The Bible contains an extremely long narrative arc - even from Genesis to Malachi, there is a expansion of understanding about who God is and what God wants (this alone is worth a few posts ...). Then by the time Jesus rolls around, he is saying things like "If you've seen me, you've seen the Father". So when we look at something like the story of the Flood and base our picture of God on that alone, we are - frankly- dead wrong. God looks like Jesus first and foremost. Every other picture or conception of God, no matter how well-reasoned, is sorely incomplete. 

This is why I have a hard time stomaching both conservative fundamentalism and liberal atheism. They are two wings of the same bird.

This question plagues me.

I've been in Church situations where I felt the direction we were headed didn't align with values I believe are essential to our survival: being open, forgiving, kind to one another, gentle in disagreement, and eager to engage thoughtfully and humbly with one another.

At times, I've seen leadership flaunt naivety and bigotry as a virtue. In other situations, I perceived a lack of mission, and no urgency. Most recently, I experienced unilateral pushback against anything that didn't look overtly "Christian" (read: simply trying to speak the language of our culture was viewed as sinful/wrong). In each of these cases, staying at the church became damaging to my faith and growth. I'm not talking about anti-evolution ranting or anti-gay marches. I'm talking about churches where either the leadership or the congregation (or both) put all the focus on getting back to some bygone time when 'things were better'. Or churches that wanted to keep things just as they were, even when it was painfully obvious that deep change was needed in order to reach into the community.

Churches which stay stuck in the past or refuse to adapt and change are essentially museums. At one time they may have been beautiful, but their time has passed. Now they are pushing their congregations just to keep the lights on and maybe paint the sanctuary. All of this effort is to continue playing church, without actually being the Church. Trying to pull this kind of a group into the future quite frankly, feels like a waste of time. If people don't want to move into the future, they simply won't until something big changes their minds.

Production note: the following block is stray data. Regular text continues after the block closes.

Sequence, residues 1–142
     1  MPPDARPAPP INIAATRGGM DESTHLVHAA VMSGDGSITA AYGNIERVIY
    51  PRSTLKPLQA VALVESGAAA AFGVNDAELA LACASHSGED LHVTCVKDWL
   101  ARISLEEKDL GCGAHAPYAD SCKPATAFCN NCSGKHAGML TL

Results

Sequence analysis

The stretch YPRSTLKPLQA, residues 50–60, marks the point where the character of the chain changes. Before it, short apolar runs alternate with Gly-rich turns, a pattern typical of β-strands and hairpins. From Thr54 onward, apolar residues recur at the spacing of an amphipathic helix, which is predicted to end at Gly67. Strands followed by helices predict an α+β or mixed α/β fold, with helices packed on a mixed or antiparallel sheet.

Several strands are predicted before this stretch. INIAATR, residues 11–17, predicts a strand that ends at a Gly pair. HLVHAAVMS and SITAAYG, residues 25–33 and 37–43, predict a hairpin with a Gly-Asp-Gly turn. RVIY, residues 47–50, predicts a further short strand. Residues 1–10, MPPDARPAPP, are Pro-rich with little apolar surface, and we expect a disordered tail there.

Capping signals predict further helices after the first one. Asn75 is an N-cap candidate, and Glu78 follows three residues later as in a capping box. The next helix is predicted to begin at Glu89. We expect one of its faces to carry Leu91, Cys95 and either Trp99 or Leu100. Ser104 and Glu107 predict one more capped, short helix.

It's as if some churches are presently hanging by a rope off the side of a cliff, but are swearing they are on solid ground. Sometimes you have to let go of the rope. As Tim Keller points out, "it's not the strength of our faith but the object of our faith which saves us". We need just enough faith to grab hold of Jesus, the branch, which can saves us as we tumble off the cliff. And make no mistake, we all tumble off the cliff at one time or another. From another perspective, we are always falling off the cliff. We just don't see it until it's almost too late most of the time.

Churches which aren’t changing meaningfully are dying to that same extent. All this means is that because the needs and context of our culture are shifting all the time, and while we stand on the Rock which 'does not change like sinking sand' --- our context as the Church DOES change. We need to be willing to change our modes of communicating in order to speak meaningfully into our culture. As it stands, too many churches are only preaching to the choir. Yes churches may still grow while in these old modes of doing church, but that growth is too often driven by Christians from other churches coming into the fold. So it’s not really growth – and in smaller communities in the North which rely on natural resources, we often benefit from economic displacement and the temporary 'growth' that follows.

When I am thinking about whether or not I can stay at a church in my context, I ask myself one important question: "Is this a church I would invite my friends to?" I have friends who are post-Christian, some who are agnostic, and some who are atheists. If I would not be comfortable inviting them into the church I attend, it's a safe bet that church is not for me.

But what would that church look like; the one to which I would invite my friends? It would be open, unafraid to ask probing questions; It would change with the times: not it's doctrine, but it's approach. It would thoughtfully and 'Jesusly' address the real day-to-day, grind of life concerns modern people have. That church would challenge the status quo of both secular and religious culture; both liberal and conservative ideology. It would be a church which has both eyes open.

I've been to churches like this. But they seem few and far between. Rather than the norm, they feel to be the exceptions. So I have nothing against churches who don't 'live up' to my ideals. And I have nothing against churches who refuse change, but I am sad for them because unwillingness to engage culture and at least speak it's language (even if it's in disagreement) all but guarantees our days are numbered.